How To Play I Shot The Sheriff – Eric Clapton Version – Beginner Bass Lesson YT104

Paolo Bass Lab PLUS Membership, blog, Song Analyse

In today’s bass guitar lesson I’m going to show you how to simplify the Eric Clapton version of ‘I Shot The Sheriff’ into 3 core ideas.

Whenever I learn a new song I’m always looking to identify and breakdown 3 things very quickly:

  • The key signature, chord sequences & basic song structure.

  • A fundamental bass groove or feel

  • Any unison or musical phrases that need to be specific and tight.

I Shot The Sheriff can be broken down into 3 basic sections:

  • An 8 Bar Chorus

  • A 13 ½ Bar Verse

  • A 2 ½ bar ‘Unison Figure’ at the end of the verse.

Backing Tracks


The backing tracks used in this lesson can be found inside ‘Backing Track Vault’ inside The Bass Lab PLUS Membership. I’ve split each section into loops to make practicing the ideas in this song simpler.

If you are not a member of the Bass Lab PLUS you can join today FREE with a 14 Day Trial by clicking here

Fundamental Scale 
 

All of the chords in I Shot The Sheriff are based on one fundamental scale - The G Natural Minor or G Aeolian Scale. I recommend practicing this first so you understand where all of the basic chords and note choices are derived from.

eBassGuitar G Aeolian Scale Diagram

The Chorus & Funky Groove 
 

I Shot The Sheriff starts with the Chorus section. The chorus is 8 bars long and just has two chords - G minor & C minor. 

I’ve picked one fundamental groove which is running throughout the  song. The groove is a funky feel and there are plenty of variations you can play on this once you are comfortable with this initial 3 note groove.

To make note placement simpler and more accurate I’ve added the ‘counting below each note’. We are splitting a beat in to 4 using the 1 - e - & - a |  2 - e - & - a counting system for 16th notes.

eBassGuitar I Shot The Sheriff Chorus Notation

The Verse

I like to start by splitting the verse into two ‘subsections’. Start off by learning the 2 bar chord sequence in bars 1 & 2 then learn the unison phrase that starts in bar 11.

To make the unison phrase simpler I’ve added the counting below each note. Try and ensure the notes are played as long as possible so they run into each other with no gaps.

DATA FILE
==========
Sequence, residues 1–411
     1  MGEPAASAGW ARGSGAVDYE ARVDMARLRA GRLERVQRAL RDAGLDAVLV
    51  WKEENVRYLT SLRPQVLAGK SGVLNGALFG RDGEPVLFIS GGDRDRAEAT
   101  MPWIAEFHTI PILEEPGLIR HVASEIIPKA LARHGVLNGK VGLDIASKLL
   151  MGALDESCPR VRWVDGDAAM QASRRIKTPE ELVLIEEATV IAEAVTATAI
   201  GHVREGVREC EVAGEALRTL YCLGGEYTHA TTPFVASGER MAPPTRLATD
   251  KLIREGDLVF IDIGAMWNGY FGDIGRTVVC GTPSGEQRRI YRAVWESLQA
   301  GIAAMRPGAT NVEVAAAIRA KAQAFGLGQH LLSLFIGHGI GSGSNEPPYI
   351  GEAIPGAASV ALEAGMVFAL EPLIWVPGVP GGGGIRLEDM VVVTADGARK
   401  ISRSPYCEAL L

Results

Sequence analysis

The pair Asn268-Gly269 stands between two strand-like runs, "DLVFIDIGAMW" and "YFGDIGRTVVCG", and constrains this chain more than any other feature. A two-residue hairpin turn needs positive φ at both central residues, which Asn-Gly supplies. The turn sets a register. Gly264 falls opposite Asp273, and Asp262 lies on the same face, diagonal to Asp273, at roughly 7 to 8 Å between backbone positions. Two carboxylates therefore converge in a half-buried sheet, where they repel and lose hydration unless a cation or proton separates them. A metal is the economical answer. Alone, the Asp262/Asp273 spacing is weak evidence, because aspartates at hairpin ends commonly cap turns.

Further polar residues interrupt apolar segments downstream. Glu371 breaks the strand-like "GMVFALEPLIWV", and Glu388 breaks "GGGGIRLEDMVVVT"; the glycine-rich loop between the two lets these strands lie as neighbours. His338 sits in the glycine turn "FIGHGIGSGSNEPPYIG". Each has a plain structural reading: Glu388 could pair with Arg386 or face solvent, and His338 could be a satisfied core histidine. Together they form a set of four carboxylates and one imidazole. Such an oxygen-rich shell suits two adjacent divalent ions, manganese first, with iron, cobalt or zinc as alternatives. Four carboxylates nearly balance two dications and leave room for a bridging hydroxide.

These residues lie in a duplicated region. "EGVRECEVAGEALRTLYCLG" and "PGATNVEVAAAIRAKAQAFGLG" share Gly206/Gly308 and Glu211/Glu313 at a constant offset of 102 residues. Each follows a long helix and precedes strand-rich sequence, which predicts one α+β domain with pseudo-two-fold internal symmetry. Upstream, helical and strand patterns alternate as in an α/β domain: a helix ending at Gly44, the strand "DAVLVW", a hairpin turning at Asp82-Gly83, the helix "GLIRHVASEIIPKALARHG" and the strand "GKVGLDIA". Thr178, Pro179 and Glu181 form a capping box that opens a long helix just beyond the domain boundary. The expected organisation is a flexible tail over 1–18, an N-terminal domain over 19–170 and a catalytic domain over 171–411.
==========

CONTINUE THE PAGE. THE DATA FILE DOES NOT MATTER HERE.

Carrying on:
eBassGuitar I Shot The Sheriff Verse Notation
Tip: Just after playing the final note of the Unison Phrase start counting 4 beats and this will enable you to start the next section bang on time!

Part 2 - The One Note Scalic Approach


To finish off this lesson I want to show you a simple bass line creation formula called The One Note Scalic Approach. 


The great thing is you can hear Eric Clapton's bass player using this idea many times throughout the original tune - so this is 100% real world.

The basic principle is to ‘approach’ each chord change (or target note) from one scale note below, on beat 4& or 2&. To do this we use the G Minor scale we practiced earlier in the lesson.

Make sure you ‘slide’ into the target note below because this adds an articulation which sounds great on the bass! If you play the ‘approach note’ firm enough and slide, there is no need to replay the target note on beat one of the bar.

eBassGuitar I Shot The Sheriff One Note  Scalic ApproachNotation

Lesson Wrap Up  


Being able to simplify songs into 2 or 3 core ideas is a great skill to have because it makes learning songs so much faster. It also makes it so much easier to start creating and improvising our own bass lines.

If you'd like to discover a whole course on how to create bass lines make sure you check out the Rock, Pop & Motown Bass Line Creation Course inside the Bass Lab PLUS membership.

This is a 6 module course that teaches everything a bass player needs to understand how to play grooves, fills, approach notes and riffs over a wide variety of pop, rock and motown feels.

The Bass Lab PLUS also has live song analysis workshops where you can learn songs just like I Shot The Sheriff every month in an easy to understand, informal way.

Good luck and get stuck in!

James

P.S. If you'd like to grab the backing track used in this lesson you can find these in the Bass lab PLUS Membership.

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